Origins 17(1):27-32 (1990).
ASSUMPTIONS AFFECT CONCLUSIONS
Pagel, M. D. and P. H. Harvey. 1989. Comparative methods for examining adaptation depend on evolutionary models. Folia Primatologia 53:203-220.
The authors state that different methods of studying evolutionary patterns and constructing phylogenetic trees depend on different models of how evolution occurs. This concept is applied to the process of proposing ancestral states, testing for coevolution of two or more characters, and statistical comparisons of continuous characters. This paper emphasizes the importance of implicit assumptions on methodology and therefore on conclusions.
Cox, K. G. 1989. The role of mantle plumes in the development of continental drainage patterns. Nature 342:873-877.
This paper extends and refines previous suggestions that link flood basalt volcanism, hot mantle plumes and continental drainage patterns. The basic idea is that mantle hot spots produce hot plumes that rise toward the surface, spreading laterally near the surface. If the plume rises below a continent, uplift may result, producing a dome. Fracturing of the dome may result in rifts, flood basalt volcanism, and a characteristic pattern of continental drainage. Specific examples in India, Brazil and southern Africa are described.
MOLECULAR CLOCK OR FOSSIL RECORD?
Easteal, S. 1990. The pattern of mammalian evolution and the relative rate of molecular evolution. Genetics 124:165-173.
Most of the orders of living mammals first appear around the same stratigraphic level in the fossil record. Evolutionists have generally interpreted this to indicate that the various orders arose about the same time, in a kind of explosive evolution. But all orders are not equidistant according to molecular criteria. This has been interpreted as evidence against the hypothesis that mutations occur at a generally constant rate through evolutionary time (the molecular clock hypothesis). The author of this paper prefers the molecular clock hypothesis over evidence from the fossil record, and concludes that molecular differences indicate that mammal orders arose at different times, but the fossil record is too incomplete to indicate the order in which they arose.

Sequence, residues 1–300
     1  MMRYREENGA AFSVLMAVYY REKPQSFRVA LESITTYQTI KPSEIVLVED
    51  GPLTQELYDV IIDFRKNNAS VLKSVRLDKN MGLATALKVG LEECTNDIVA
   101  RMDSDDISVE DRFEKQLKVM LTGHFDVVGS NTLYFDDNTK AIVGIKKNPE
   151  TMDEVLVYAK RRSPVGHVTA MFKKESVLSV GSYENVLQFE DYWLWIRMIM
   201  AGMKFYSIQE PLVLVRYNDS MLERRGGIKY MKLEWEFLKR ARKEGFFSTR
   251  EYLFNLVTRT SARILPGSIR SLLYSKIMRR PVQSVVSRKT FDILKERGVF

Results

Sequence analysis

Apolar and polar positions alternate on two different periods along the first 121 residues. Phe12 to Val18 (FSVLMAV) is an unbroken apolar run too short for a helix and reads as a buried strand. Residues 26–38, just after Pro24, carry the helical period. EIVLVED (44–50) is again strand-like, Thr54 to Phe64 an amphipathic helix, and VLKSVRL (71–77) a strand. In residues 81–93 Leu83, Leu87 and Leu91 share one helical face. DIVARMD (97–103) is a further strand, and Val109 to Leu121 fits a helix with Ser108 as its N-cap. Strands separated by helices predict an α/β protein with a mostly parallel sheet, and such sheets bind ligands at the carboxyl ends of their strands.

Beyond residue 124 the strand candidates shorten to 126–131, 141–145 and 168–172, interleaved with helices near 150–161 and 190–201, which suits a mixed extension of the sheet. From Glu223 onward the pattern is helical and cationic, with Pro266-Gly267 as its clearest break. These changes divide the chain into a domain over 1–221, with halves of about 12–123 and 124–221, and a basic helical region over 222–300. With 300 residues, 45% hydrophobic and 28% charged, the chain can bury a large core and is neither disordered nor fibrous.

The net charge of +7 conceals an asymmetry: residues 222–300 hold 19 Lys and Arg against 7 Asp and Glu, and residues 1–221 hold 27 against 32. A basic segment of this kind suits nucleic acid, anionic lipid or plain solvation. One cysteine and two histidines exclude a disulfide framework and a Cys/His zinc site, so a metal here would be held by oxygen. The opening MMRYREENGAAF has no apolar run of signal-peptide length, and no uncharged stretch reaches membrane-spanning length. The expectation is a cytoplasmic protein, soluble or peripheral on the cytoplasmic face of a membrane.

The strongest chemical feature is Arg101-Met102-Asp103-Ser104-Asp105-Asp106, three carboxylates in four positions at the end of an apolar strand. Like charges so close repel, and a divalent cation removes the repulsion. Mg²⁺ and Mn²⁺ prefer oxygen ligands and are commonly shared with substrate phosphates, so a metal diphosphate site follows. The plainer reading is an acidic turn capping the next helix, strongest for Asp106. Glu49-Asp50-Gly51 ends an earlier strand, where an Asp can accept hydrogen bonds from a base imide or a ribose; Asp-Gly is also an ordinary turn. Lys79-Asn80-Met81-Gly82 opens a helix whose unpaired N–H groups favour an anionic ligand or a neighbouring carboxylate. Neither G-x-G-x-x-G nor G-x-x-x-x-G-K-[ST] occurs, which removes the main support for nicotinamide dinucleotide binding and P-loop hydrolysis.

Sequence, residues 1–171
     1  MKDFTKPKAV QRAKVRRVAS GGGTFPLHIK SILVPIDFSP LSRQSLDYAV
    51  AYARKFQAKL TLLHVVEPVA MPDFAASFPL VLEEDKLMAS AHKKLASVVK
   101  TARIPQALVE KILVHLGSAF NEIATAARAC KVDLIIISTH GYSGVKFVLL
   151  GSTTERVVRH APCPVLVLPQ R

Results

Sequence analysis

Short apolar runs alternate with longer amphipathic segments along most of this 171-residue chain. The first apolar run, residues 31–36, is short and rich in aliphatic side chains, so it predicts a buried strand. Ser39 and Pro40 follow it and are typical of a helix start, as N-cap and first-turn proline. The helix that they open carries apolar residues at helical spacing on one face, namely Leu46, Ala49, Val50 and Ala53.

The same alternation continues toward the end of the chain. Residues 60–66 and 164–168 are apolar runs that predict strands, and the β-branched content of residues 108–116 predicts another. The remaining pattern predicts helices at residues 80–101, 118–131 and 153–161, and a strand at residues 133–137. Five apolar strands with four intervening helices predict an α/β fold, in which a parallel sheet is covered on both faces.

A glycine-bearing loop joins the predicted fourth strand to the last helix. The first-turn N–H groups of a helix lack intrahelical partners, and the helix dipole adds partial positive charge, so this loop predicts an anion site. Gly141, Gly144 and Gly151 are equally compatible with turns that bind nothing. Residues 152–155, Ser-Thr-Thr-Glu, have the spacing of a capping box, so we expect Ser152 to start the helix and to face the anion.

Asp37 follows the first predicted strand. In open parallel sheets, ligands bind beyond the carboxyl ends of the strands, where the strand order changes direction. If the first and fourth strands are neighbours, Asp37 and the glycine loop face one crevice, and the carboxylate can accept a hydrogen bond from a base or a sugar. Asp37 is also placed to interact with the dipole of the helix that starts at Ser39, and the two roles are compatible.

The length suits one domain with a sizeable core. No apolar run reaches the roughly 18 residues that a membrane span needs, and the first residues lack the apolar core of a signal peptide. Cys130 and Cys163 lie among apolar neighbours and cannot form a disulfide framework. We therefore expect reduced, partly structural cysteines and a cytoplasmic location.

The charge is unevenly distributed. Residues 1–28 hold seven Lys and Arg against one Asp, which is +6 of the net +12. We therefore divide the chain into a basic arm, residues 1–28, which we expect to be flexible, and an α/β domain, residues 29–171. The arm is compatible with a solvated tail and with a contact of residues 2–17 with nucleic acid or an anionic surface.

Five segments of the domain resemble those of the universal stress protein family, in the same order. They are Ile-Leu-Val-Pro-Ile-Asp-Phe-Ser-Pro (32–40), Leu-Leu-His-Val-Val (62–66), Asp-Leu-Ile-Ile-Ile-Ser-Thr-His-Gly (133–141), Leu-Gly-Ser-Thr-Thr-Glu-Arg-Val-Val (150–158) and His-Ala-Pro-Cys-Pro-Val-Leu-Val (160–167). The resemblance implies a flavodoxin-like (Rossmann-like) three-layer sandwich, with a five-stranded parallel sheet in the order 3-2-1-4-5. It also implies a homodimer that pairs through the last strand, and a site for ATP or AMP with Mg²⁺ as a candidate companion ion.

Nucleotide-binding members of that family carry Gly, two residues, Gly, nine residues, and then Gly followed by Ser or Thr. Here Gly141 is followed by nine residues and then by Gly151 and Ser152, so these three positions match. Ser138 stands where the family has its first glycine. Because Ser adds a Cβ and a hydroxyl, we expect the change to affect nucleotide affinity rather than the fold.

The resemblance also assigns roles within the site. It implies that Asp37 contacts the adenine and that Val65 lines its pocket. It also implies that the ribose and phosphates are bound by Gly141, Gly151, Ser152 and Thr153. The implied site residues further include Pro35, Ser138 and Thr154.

MOLECULAR PHYLOGENY OF PLANT FAMILIES?
Archie, J. W. 1989. Phylogenies of plant families: a demonstration of phylogenetic randomness in DNA sequence data derived from proteins. Evolution 43:1796-1800.
Archie examines the results of a study of phylogenetic relationships among nine plant families based on a set of DNA sequences derived from protein sequences for three proteins. Archie concludes that the DNA sequences used do not contain phylogenetic information, and suggests procedures for identifying whether other such sequences are useful in studying phylogeny.
PALEOBIOGEOGRAPHY AND PLATE TECTONICS
Jaeger, J-J., V. Courtillot and P. Tapponnier. 1989. Paleontological view of the ages of the Deccan traps, the Cretaceous/Tertiary boundary, and the India-Asia collision. Geology 17:316-319.
The Deccan traps are flood basalts covering a large area of India. Paleomagnetic dating indicates the volcanism that produced the Deccan traps occurred across the boundary separating the Cretaceous from the Tertiary. Fossils from below the basalts are similar to those found in beds among the lava flows, which is interpreted as evidence against rapid mass extinction. Similarities of fossils from beds among the lava flows and from Asian deposits are interpreted as evidence that the Indian plate collided with Asia much earlier than previously thought, probably close to the Cretaceous-Tertiary boundary. If so, the intracontinental shortening caused by the collision could be as much as 4000 km.